Magical bamboo houses: When a girl’s dream takes flight

This video about bamboo houses is a must-see for gorgeous inspiration and storytelling cues to emulate.

 

When my daughter was eight, her teacher asked her to build the house she would like to live in. She built it out of bamboo, inspired by the bamboo “forest” in our postage-stamp back yard.

It was very moving for us to watch her take this on with so much enthusiasm. The experience was filled with metaphor for my husband and me, taking a peek of what it would be like when our daughter would take her own shelter. It was also her first significant independent school project. (When I was away, my husband did drive her to the shop for supplies like paint and glue. They came back from the hardware store with actual house paint and a hot glue gun! But I digress.) Otherwise she was on her own to dream up her home.

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You can imagine my excitement when I saw this Ted Talk about a woman, Elora Hardy, who had taken a similar experience to whole new proportions. Today as an architect in Bali she creates absolutely magical schools and homes out of bamboo.

I’m writing this from a plane on my way home from a film project in Cuba, and I can’t wait to show it to my daughter tonight.

You have to watch it, if only to collect inspiration for what it would feel like to live more in sync with our natural world.

There are also many good cues to take from a storytelling perspective. It’s another example of how all the things we discuss in terms of what makes a strong micro-documentary can be used to strengthen other forms of communications like presentations. Notice how she:

  • Gets personal right away, jumping straight into the anecdote of her mom inviting her to design her dream house when she was nine, and the magical mushroom fairy house that she came up with (and later built from bamboo).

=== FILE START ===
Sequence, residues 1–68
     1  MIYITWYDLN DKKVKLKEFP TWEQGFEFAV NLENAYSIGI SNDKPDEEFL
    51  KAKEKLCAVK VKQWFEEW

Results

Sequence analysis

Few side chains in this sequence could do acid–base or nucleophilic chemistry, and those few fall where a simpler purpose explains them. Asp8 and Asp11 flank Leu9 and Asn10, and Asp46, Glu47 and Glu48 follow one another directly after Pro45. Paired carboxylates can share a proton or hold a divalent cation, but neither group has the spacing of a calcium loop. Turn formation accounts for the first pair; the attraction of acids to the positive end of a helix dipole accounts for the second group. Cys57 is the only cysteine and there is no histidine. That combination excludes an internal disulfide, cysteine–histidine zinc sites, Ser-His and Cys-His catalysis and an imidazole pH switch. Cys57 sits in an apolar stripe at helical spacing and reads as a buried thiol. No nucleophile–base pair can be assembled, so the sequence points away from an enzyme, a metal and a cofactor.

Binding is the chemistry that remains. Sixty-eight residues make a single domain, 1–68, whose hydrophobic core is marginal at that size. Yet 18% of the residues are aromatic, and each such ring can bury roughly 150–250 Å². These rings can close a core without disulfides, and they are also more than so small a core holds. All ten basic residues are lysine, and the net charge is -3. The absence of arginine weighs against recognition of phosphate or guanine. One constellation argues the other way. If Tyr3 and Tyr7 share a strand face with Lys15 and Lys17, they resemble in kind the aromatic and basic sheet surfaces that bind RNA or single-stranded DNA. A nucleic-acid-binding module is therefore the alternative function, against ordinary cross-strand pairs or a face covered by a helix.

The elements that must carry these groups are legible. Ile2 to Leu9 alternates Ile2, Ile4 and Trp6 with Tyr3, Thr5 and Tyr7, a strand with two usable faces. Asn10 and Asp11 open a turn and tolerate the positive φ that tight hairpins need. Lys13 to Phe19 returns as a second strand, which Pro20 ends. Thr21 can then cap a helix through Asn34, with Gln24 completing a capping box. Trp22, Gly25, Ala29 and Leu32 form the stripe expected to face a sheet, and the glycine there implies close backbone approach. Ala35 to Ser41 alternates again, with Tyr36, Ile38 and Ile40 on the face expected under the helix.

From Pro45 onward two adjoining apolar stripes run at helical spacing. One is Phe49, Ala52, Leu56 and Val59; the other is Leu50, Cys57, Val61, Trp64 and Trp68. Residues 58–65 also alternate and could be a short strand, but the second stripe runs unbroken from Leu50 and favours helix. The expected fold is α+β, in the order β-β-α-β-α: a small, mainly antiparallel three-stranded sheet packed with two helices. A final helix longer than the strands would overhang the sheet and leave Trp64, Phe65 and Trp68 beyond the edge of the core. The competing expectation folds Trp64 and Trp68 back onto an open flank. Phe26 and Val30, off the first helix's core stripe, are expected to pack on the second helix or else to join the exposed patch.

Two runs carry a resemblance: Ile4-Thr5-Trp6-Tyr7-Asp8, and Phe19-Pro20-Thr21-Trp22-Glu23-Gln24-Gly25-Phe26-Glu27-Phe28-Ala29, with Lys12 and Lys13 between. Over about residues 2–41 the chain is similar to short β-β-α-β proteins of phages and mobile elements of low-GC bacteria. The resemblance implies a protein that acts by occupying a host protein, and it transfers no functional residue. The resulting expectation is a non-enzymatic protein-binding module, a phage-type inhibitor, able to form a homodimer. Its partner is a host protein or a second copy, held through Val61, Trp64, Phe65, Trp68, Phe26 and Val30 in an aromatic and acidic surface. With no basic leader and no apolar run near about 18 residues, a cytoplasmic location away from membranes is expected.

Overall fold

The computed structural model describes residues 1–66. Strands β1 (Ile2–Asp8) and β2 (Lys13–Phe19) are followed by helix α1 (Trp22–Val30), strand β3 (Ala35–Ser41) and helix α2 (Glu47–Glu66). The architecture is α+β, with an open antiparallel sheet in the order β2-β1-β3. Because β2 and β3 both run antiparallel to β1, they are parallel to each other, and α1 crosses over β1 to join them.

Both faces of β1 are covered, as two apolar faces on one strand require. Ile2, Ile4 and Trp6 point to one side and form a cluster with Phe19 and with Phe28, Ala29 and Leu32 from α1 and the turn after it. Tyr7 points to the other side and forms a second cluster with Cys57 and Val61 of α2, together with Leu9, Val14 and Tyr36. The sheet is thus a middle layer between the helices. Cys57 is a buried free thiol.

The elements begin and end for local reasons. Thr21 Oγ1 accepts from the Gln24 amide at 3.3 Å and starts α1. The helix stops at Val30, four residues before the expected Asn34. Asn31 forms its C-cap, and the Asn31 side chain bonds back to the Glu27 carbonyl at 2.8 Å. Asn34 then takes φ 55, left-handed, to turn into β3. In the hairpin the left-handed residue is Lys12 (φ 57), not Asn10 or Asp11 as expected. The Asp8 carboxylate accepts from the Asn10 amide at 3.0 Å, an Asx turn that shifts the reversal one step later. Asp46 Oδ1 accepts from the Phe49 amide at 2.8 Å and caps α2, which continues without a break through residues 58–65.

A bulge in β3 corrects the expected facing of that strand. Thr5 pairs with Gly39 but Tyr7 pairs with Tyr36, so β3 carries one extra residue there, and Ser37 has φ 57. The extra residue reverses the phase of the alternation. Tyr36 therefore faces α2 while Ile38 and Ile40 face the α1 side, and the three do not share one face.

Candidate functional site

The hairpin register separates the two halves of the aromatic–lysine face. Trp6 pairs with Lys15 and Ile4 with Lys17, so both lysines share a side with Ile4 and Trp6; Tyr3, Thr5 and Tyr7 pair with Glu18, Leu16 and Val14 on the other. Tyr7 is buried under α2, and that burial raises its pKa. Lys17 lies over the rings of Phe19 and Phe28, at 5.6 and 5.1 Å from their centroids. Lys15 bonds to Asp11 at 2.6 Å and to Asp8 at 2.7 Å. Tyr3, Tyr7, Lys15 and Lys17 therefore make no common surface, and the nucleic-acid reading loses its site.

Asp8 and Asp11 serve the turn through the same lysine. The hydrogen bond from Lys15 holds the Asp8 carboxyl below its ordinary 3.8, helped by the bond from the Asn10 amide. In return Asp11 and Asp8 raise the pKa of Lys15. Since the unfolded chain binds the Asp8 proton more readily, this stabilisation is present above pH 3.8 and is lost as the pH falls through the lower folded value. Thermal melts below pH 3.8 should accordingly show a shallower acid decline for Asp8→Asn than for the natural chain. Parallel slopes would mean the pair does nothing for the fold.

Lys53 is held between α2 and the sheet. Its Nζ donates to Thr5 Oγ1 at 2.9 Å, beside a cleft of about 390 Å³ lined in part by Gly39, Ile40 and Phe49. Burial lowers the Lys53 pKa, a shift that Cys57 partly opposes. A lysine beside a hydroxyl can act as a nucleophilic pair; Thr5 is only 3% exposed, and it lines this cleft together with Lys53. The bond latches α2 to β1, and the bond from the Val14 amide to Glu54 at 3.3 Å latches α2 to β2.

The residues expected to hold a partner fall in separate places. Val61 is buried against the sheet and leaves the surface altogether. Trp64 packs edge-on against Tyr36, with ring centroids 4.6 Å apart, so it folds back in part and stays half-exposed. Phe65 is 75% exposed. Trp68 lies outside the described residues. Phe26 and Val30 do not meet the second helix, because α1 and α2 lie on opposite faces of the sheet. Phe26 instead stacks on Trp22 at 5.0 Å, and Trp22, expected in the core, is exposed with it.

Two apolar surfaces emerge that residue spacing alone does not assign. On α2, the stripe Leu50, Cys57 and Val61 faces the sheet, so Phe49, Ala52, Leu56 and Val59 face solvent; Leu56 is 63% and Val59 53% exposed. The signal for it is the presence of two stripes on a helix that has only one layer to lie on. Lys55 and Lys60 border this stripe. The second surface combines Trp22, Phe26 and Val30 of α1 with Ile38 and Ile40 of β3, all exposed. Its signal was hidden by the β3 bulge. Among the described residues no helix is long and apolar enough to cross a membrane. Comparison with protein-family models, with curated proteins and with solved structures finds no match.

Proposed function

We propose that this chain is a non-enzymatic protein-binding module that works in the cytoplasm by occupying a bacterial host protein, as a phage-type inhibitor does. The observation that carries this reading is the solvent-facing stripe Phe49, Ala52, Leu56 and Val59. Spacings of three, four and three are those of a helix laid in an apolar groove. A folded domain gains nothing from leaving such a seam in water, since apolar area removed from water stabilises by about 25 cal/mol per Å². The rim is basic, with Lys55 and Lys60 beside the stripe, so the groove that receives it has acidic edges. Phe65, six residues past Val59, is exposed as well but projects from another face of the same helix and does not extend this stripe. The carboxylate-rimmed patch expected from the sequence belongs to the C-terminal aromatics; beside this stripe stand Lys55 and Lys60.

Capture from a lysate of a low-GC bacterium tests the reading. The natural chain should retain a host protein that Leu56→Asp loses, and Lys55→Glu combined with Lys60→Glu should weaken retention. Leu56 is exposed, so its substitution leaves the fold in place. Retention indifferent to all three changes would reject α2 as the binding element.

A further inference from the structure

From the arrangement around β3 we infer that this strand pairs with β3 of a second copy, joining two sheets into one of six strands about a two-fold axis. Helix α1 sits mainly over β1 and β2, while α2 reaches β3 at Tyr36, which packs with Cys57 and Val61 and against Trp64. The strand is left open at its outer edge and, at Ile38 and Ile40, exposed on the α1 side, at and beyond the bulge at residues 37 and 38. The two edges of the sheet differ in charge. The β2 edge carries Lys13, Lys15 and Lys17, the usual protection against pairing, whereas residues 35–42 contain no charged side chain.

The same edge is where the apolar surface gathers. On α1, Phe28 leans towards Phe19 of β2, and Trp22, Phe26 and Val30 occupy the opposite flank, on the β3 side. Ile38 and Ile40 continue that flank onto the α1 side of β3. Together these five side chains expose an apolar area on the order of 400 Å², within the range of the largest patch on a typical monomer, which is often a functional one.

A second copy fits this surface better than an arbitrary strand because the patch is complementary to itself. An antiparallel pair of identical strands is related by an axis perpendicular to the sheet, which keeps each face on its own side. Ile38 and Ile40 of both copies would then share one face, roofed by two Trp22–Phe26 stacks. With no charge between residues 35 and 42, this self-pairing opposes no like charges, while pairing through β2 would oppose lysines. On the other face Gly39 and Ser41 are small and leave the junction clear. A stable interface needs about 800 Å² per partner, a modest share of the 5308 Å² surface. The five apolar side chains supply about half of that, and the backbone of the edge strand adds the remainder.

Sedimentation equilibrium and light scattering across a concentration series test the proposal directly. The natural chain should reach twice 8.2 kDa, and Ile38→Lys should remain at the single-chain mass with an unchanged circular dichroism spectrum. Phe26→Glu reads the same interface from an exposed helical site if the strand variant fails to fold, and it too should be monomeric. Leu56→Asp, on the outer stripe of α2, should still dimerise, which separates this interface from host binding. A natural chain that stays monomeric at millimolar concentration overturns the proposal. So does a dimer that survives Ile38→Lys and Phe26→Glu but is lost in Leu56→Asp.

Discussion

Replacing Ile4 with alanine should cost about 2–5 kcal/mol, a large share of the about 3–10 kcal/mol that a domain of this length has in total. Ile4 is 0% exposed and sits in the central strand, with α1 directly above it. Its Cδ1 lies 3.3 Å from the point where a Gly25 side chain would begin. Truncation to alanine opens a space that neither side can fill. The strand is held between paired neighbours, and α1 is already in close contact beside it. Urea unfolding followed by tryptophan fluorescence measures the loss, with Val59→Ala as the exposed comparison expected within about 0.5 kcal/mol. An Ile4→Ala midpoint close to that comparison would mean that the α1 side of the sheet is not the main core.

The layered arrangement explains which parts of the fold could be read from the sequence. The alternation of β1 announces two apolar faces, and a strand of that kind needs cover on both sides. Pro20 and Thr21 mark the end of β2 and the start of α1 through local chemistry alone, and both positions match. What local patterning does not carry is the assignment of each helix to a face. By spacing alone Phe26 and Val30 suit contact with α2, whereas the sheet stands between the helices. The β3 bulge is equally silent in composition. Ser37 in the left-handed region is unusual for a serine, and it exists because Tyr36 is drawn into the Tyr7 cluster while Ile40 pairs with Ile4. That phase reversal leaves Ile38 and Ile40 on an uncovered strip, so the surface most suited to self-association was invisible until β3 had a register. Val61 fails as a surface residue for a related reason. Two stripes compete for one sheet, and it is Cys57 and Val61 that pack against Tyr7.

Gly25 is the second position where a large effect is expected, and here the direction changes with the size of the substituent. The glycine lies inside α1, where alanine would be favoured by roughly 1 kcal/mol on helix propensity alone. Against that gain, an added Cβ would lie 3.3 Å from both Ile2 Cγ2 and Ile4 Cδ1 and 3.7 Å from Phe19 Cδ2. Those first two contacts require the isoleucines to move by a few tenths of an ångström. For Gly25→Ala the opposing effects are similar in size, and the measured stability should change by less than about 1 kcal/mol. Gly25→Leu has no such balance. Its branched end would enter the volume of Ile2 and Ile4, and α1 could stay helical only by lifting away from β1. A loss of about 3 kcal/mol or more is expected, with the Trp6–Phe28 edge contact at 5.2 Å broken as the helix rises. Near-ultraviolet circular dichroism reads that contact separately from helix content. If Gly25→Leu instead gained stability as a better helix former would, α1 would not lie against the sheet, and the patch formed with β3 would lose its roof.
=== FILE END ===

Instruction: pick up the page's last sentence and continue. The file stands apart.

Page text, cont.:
• Teaches us about bamboo almost poetically — in a way where the education (strong, sustainable, earth-quake resistant) is woven into the personal narrative — making it much more powerful.
  • Uses humor with the joke about it taking four men to carry a load of bamboo that one woman can carry alone.
  • Exposes vulnerability (eg she still hasn’t figured out the acoustics of a bamboo bathroom and the fact that she dreams of sheetrock and plywood ), which makes her more accessible.
  • Shows humility. She talks about asking the bamboo what it is good at, what it wants to become. She is not coming from a position of conquistadora of the Balinese forest; she is humbly asking the question, What can I learn from this grass? Because of my involvement with the Biomimicry Institute, this approach especially struck a chord with me.

All of this makes it much more likely that the audience will be receptive when she makes her envisioned future clear to all of us — when she invites us to see what she sees.

I don’t know about you, but after watching this I feel at ease. What she is doing feels right. I also like her. Her warmth and competence came across strongly in this first impression, making me root for her. And I’m not the only one as you can see from the standing ovation she gets. My curiosity is also awakened. I want to learn more. What would it take for all of us to do more of this? 

The invitation to visit was clear. You can be sure that as a family we will do our best to get there. Will you join us?


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